new and you won't have a problem. However, that's not the issue. In
base::data.frame you can't have columns of the same name so...
# What you actually get...
DT = data.frame(a=1:2, a=1:2); names(DT)
# "a" "a.1"
But it seems that in
data.table you can have columns of the same name...
DT = data.table(a=1:2, a=1:2); names(DT)
 "a" "a"
setnames throws an error, I guess because it doesn't know which column
a refers to when both columns are called
a. You get no error when going the
data.table route because you do not have duplicated column names.
Firstly I'd say don't make columns with the same name, this is a really bad thing if you plan to use your
data.table programmatically (but as @MatthewDowle points out in the comments, this is a design choice to give the user maximum freedom in
If you need to do it then use
setnames with just the
old argument given, which will actually be treated as the
new names when
new is not given. If you pass in
old names and a vector of new names the old names are found and those changed to the corresponding new name (so
new have to be the same length when
setnames is used with 3 parameters).
setnames will catch any ambiguities via:
stop("Some duplicates exist in 'old': ", paste(old[duplicated(old)],
collapse = ","))
stop("'old' is character but there are duplicate column names: ",
paste(names(x)[duplicated(names(x))], collapse = ","))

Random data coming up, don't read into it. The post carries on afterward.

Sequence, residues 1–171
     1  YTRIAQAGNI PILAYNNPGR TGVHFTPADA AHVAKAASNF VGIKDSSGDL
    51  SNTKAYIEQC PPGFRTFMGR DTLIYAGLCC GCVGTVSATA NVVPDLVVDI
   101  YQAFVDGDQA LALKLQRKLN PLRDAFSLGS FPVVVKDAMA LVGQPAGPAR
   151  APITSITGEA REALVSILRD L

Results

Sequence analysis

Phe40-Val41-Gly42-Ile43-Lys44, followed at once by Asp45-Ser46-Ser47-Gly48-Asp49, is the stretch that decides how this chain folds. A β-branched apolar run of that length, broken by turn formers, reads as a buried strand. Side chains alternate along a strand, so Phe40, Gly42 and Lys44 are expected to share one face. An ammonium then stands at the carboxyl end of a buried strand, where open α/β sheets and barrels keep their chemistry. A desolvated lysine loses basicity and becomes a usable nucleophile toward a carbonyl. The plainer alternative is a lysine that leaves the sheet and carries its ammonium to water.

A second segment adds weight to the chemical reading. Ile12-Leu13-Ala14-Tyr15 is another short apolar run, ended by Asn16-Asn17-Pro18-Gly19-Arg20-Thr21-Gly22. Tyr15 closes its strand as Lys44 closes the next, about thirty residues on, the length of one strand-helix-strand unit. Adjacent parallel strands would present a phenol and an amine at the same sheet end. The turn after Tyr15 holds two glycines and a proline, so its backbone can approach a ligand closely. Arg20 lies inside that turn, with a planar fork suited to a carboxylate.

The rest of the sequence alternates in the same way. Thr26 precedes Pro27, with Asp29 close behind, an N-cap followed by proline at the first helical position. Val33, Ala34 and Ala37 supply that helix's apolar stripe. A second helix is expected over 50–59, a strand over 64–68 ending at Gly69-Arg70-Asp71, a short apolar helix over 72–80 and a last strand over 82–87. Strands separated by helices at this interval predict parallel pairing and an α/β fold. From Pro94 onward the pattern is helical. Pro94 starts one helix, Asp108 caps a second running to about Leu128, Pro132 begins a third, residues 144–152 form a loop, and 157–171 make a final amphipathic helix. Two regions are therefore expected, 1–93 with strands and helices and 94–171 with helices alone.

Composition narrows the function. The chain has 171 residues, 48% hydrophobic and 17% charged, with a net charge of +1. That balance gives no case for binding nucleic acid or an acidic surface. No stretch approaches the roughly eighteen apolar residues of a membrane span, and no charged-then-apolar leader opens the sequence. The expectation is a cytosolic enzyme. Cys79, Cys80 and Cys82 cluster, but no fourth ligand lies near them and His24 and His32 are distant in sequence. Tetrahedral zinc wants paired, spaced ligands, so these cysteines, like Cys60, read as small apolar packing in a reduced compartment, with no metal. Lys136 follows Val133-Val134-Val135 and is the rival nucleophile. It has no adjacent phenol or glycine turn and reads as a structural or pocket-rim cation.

old is supplied
setnames will reassign the names from
old to the columns of
DT column-wise using
.Call(Csetcharvec, names(x), seq_along(names(x)), old), so from first to last...
DT = data.table(a=1:2, a=1:2)
setnames(DT, c("b","b") )
# b b
#1: 1 1
#2: 2 2
Addition from Matthew as requested. In
?setnames there's some background :
It isn't good programming practice, in general, to use column numbers
rather than names. This is why setkey and setkeyv only accept column
names, and why old in setnames() is recommended to be names. If you
use column numbers then bugs (possibly silent) can more easily creep
into your code as time progresses if changes are made elsewhere in
your code; e.g., if you add, remove or reorder columns in a few months
time, a setkey by column number will then refer to a different column,
possibly returning incorrect results with no warning. (A similar
concept exists in SQL, where "select * from ..." is considered poor
programming style when a robust, maintainable system is required.) If
you really wish to use column numbers, it's possible but deliberately
a little harder; e.g., setkeyv(DT,colnames(DT)[1:2]).
So the idea of
setnames is to change one column name really easily, by name.
setnames(DT, "oldname", "newname")
"oldname" is not a column name or there's any ambiguity over what you intend (either in the data now or in a few months time after your colleagues have changed the source database or other code upstream or have passed their own data to your module) then
data.table will catch it for you. That's actually quite hard to do in base as easily and as well as
setnames does it (including the safety checks).